Sworn German/French translator in Nice
Élodie Defosse, founder of the agency Azur Traduction, was recently sworn in and is now a sworn translator registered with the Court of Appeal of Aix-en-Provence.
As such, she is now on the list of court-appointed German experts in Nice.
Azur Traduction, which offers language services to both the corporate and private market is among the agencies able to offer their clients certified translations.
Here are some of the documents for which certification may be required:
– For individuals: official documents (birth, death and marriage certificates), certificate of custom and certificate of celibacy (for the purposes of marriage), driving licences, qualifications, grade transcripts (to enrol in a French university);
– For corporate clients: articles of association, sales agreements and other company registration documents.
– For legal professionals: sales agreements and deeds of sale, as well as power of attorney in the case of notaries. For lawyers, various documents to be added to the case file in the event of legal proceedings. As for bailiffs, they will tend to need to have summons, notifications or payment orders translated.
A business on a human scale
In addition to being certified as a sworn German translator, Élodie capitalises on the values that make up the DNA of Azur Traduction:
– meeting deadlines,
In high demand
Due to the highly international and dynamic nature of the Côte d’Azur, nationals of many countries cross paths for personal or professional reasons and demand for certified translations is high.
It is not just individuals who may need a certified German translation for personal reasons (for their studies, a new job or due to family circumstances) but also professionals. Legal documents are increasing in number in the day-to-day operations of businesses and it is important for professionals to use a trusted translator.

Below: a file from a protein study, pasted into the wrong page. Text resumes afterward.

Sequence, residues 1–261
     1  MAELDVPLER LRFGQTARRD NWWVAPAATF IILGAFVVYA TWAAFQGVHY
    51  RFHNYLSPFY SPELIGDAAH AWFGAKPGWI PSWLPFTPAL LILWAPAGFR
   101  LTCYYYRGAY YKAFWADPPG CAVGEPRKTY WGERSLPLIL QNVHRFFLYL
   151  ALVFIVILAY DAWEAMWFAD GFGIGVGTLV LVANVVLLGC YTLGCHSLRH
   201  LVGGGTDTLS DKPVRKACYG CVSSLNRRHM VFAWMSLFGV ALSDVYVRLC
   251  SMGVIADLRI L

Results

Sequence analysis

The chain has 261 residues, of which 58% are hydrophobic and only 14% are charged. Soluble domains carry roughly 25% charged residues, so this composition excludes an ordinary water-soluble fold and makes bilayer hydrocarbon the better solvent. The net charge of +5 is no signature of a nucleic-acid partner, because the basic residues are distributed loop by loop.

– Remember, only certified translations are accepted by the courts and public authorities due to their official status. They are “certified true translations of the original”.
Sworn translators are few and far between
In terms of translation services, competition is strong in the field of “standard” translations. However, in the case of certified translations, there is less supply since there are fewer sworn translators.
Spotlight on the swearing-in process
In order to become a sworn translator, a professional translation qualification is recommended (candidates must have at least a 2-year masters degree).
Before swearing in before the Court of Appeal in the region where they practise, the future sworn translator applies to the High Court (Tribunal Judiciaire) of their district. Assessment of this application takes around 1 year.
Finally, the sworn translator must have a clean criminal record and may be subject to a background check.
Sworn translator or court-appointed expert?
Ultimately, the sworn translator is the equivalent of a court-appointed expert.
As an expert translator, appointed by a judge, only he or she is authorised to certify a translation as a “true translation of the original”.
However, unlike other court-appointed experts, the sworn translator does not issue an expert’s report but a translation.